You will be asked to lie on a narrow table that slides into the center of the CT scanner.
Once you are inside the scanner, the machine's x-ray beam rotates around you. (Modern "spiral" scanners can perform the exam without stopping.)
A computer creates separate images of the body area, called slices. These images can be stored, viewed on a monitor, or printed on film. Three-dimensional models of the body area can be created by stacking the slices together.
You must be still during the exam, because movement causes blurred images. You may be told to hold your breath for short periods of time.
Generally, complete scans take only a few minutes. The newest scanners can image your entire body, head to toe, in less than 30 seconds.
How to prepare for the test
Certain exams require a special dye, called contrast, to be delivered into the body before the test starts. Contrast helps certain areas show up better on the x-rays.
Let your doctor know if you have ever had a reaction to contrast. You may need to take medications before the test in order to safely receive this substance.
Contrast can be given several ways, and depends on the type of CT being performed.
It may be delivered through a vein (IV) in your hand or forearm.
It may be given through the rectum using an enema.
You might drink the contrast before your scan. When you actually drink the contrast depends on the type of exam being done. The contrast liquid may taste chalky, although some are flavored to make it taste a little better. The contrast eventually passes out of your body through your stools.
If contrast is used, you may also be asked not to eat or drink anything for 4-6 hours before the test.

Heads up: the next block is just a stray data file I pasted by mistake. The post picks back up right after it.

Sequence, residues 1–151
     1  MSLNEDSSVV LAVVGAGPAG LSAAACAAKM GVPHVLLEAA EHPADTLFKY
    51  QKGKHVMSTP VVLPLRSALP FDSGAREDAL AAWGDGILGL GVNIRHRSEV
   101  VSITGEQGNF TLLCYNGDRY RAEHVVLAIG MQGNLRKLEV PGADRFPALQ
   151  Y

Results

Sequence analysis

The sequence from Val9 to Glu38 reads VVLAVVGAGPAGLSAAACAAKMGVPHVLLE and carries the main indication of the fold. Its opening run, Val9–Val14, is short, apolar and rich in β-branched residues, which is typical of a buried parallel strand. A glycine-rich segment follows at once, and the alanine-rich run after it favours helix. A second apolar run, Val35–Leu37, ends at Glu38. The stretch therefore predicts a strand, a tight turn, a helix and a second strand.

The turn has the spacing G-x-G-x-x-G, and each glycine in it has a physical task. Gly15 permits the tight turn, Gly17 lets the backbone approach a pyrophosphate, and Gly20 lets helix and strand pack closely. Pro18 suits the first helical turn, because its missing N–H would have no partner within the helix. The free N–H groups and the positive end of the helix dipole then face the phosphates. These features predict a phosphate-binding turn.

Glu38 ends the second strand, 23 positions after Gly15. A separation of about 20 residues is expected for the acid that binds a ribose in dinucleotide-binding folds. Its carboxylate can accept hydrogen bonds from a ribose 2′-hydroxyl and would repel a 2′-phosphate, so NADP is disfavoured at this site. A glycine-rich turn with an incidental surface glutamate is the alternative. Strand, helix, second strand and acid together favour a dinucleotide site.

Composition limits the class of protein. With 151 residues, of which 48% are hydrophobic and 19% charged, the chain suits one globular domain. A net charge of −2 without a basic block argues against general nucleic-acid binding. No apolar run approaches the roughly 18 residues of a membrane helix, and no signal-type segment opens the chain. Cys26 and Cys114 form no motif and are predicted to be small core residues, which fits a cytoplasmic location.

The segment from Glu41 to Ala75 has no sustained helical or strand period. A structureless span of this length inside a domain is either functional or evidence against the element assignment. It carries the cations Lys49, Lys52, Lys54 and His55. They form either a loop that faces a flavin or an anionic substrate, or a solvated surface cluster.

Before receiving the contrast, tell your health care provider if you take the diabetes medication metformin (Glucophage) because you may need to take extra precautions.
If you weigh more than 300 pounds, find out if the CT machine has a weight limit. Too much weight can cause damage to the scanner's working parts.
You will be asked to remove jewelry and wear a hospital gown during the study.
How the test will feel
Some people may have discomfort from lying on the hard table.
Contrast given through an IV may cause a slight burning sensation, a metallic taste in the mouth, and a warm flushing of the body. These sensations are normal and usually go away within a few seconds.
Why the test is performed
CT rapidly creates detailed pictures of the body, including the brain, chest, spine, and abdomen. The test may be used to:
Diagnose an infection
Guide a surgeon to the right area during a biopsy
Identify masses and tumors, including cancer
Study blood vessels
Results are considered normal if the organs and structures being examined are normal in appearance.
What abnormal results mean
Abnormal results depend on the part of the body being studied. Talk to your health care provider with any questions and concerns.
What the risks are
Risks of CT scans include:
Being exposed to radiation
Allergic reaction to contrast dye
CT scans do expose you to more radiation than regular x-rays. Having many x-rays or CT scans over time may increase your risk for cancer. However, the risk from any one scan is small. You and your doctor should weigh this risk against the benefits of getting a correct diagnosis for a medical problem.
Some people have allergies to contrast dye. Let your doctor know if you have ever had an allergic reaction to injected contrast dye.
The most common type of contrast given into a vein contains iodine. If a person with an iodine allergy is given this type of contrast, nausea or vomiting,sneezing, itching,or hives may occur.
If you absolutely must be given such contrast, your doctor may give you antihistamines (such as Benadryl) or steroids before the test.
The kidneys help remove iodine out of the body. Those with kidney disease or diabetes may need to receive extra fluids after the test to help flush the iodine out of the body.
Rarely, the dye may cause a life-threatening allergic response called anaphylaxis. If you have any trouble breathing during the test, you should notify the scanner operator immediately. Scanners come with an intercom and speakers, so the operator can hear you at all times.
Shaw AS, Dixon AK. Multidetector computed tomography. In: Adam A, Dixon AK, eds. Grainger & Allison's Diagnostic Radiology: A Textbook of Medical Imaging. 5th ed. New York, NY: Churchill Livingstone; 2008:chap 4.
David C. Dugdale, III, MD, Professor of Medicine, Division of General Medicine, Department of Medicine, University of Washington School of Medicine. Also reviewed by David Zieve, MD, MHA, Medical Director, A.D.A.M., Inc.